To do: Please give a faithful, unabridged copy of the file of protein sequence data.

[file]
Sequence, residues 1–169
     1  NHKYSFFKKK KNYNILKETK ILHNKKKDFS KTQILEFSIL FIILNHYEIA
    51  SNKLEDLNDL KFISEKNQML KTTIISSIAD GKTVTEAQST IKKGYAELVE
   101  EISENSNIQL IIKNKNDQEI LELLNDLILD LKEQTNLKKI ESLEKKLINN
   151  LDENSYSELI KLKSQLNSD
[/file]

Sequence, residues 1–169
     1  NHKYSFFKKK KNYNILKETK ILHNKKKDFS KTQILEFSIL FIILNHYEIA
    51  SNKLEDLNDL KFISEKNQML KTTIISSIAD GKTVTEAQST IKKGYAELVE
   101  EISENSNIQL IIKNKNDQEI LELLNDLILD LKEQTNLKKI ESLEKKLINN
   151  LDENSYSELI KLKSQLNSD